The idea of a health insurance exchange is credited to Governor Romney. He understood that there was no real market for small businesses in Massachusetts to purchase health insurance. Costs continued to skyrocket and businesses were having a difficult time. The exchange in Massachusetts successfully created more options for business owners. The new options included narrow network offerings where only high-value providers participated thereby maintaining or improving clinical quality and service while lowering costs. We must move quickly to implement a new exchange program to achieve the same for businesses and individuals in Maryland.

Now is not the time to look backward — the stakes are too high for our region and our country. We must stay focused on the national triple aim: better health, better care and lower cost. Let's stay in action to continue improving our health care system in Maryland and in our nation.

Dr. John B. Chessare is the president and CEO of GBMC HealthCare, Inc. He can be reached at jchessare@gbmc.org.

To respond to this commentary, send an email to talkback@baltimoresun.com. Please include your name and contact information.

Copyright © 2015, The Baltimore Sun
Related Content
  • Health disparity persists [Commentary]
    Health disparity persists [Commentary]

    April marks National Minority Health Month, a time to mark the vast disparities among whites and people of color

  • Supergirl Power
    Supergirl Power

    About a year ago, I walked into Gotham Comics in Westminster with the intention of restarting my comic book collection after letting it lie dormant since the comic book boom of the early 1990s. Upon entering the store I was immediately confused.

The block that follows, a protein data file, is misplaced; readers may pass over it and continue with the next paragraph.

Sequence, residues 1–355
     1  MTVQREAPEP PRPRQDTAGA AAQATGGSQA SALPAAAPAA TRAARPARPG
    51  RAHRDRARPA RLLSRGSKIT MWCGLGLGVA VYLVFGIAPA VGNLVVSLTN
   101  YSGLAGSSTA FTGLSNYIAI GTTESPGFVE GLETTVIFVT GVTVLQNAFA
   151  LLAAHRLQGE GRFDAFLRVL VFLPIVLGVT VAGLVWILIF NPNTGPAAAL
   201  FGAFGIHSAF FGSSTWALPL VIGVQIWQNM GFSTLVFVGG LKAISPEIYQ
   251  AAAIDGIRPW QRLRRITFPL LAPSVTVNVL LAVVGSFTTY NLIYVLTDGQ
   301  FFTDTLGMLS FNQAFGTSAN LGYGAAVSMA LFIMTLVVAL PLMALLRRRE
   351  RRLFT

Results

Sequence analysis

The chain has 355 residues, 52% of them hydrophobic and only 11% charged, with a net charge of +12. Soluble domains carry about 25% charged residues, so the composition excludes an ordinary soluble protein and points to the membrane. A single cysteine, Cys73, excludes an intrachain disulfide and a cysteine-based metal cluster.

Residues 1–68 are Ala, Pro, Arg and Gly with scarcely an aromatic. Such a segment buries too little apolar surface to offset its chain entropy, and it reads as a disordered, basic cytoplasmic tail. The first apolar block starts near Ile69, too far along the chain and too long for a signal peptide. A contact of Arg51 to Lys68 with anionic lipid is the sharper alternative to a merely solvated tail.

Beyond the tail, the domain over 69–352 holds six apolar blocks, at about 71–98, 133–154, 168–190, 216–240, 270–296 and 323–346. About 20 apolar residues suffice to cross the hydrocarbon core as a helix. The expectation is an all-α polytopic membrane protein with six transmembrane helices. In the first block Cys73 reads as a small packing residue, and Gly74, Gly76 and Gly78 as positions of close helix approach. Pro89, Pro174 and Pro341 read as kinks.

• Calls for a constitutional convention are reckless
    Calls for a constitutional convention are reckless

    There's a right way and a wrong way to amend the United States Constitution, and far too many current state legislators are trying to do it the wrong way: by attempting to call our first constitutional convention since 1787.

  • Hogan's Maryland: open for big business
    Hogan's Maryland: open for big business

    Driving home to Baltimore from a meeting with a potential new customer one cold February afternoon, my wife and I chuckled when we crossed the state border. In addition to "Maryland Welcomes You," our state's "Enjoy Your Visit!" sign on Route 15 now read, "We're Open for Business," followed...

  • Teaching Baltimore to dance
    Teaching Baltimore to dance

    Baltimore is a city of the arts. Walk through any neighborhood and it's not uncommon to notice a musician with a guitar strapped to his or her back or a paintbrush peeking from a bag slung over an artist's shoulder. If that neighborhood happens to be Mt. Vernon, those telltale signs of artistry...

  • Why China is passing us by
    Why China is passing us by

    On the surface, it is the best of times in Washington and the worst of times in Beijing. The U.S. capital is a pristine monument to world power; Beijing is cloaked in industrial pollution and dust storms from failed agriculture programs to the west.